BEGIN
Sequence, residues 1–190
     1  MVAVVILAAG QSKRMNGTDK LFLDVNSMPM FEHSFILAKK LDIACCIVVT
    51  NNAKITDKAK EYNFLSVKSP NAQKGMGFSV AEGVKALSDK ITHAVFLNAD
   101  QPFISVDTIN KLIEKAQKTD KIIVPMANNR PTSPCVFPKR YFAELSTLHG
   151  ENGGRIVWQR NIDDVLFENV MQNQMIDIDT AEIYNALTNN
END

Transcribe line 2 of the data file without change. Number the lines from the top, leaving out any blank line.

     1  MVAVVILAAG QSKRMNGTDK LFLDVNSMPM FEHSFILAKK LDIACCIVVT